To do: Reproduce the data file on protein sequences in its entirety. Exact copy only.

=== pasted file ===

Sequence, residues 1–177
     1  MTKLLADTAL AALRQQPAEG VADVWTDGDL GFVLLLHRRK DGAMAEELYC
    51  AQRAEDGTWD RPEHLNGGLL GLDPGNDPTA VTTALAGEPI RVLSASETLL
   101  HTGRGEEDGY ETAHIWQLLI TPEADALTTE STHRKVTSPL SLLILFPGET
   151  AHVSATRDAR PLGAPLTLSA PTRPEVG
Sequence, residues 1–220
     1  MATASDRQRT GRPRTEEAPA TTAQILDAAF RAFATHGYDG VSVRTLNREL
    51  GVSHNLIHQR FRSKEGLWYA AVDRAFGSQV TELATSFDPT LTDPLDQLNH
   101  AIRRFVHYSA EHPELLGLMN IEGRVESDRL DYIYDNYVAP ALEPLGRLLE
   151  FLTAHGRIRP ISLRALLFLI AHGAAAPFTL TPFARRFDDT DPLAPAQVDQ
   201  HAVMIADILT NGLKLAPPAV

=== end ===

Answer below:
Sequence, residues 1–177
     1  MTKLLADTAL AALRQQPAEG VADVWTDGDL GFVLLLHRRK DGAMAEELYC
    51  AQRAEDGTWD RPEHLNGGLL GLDPGNDPTA VTTALAGEPI RVLSASETLL
   101  HTGRGEEDGY ETAHIWQLLI TPEADALTTE STHRKVTSPL SLLILFPGET
   151  AHVSATRDAR PLGAPLTLSA PTRPEVG
Sequence, residues 1–220
     1  MATASDRQRT GRPRTEEAPA TTAQILDAAF RAFATHGYDG VSVRTLNREL
    51  GVSHNLIHQR FRSKEGLWYA AVDRAFGSQV TELATSFDPT LTDPLDQLNH
   101  AIRRFVHYSA EHPELLGLMN IEGRVESDRL DYIYDNYVAP ALEPLGRLLE
   151  FLTAHGRIRP ISLRALLFLI AHGAAAPFTL TPFARRFDDT DPLAPAQVDQ
   201  HAVMIADILT NGLKLAPPAV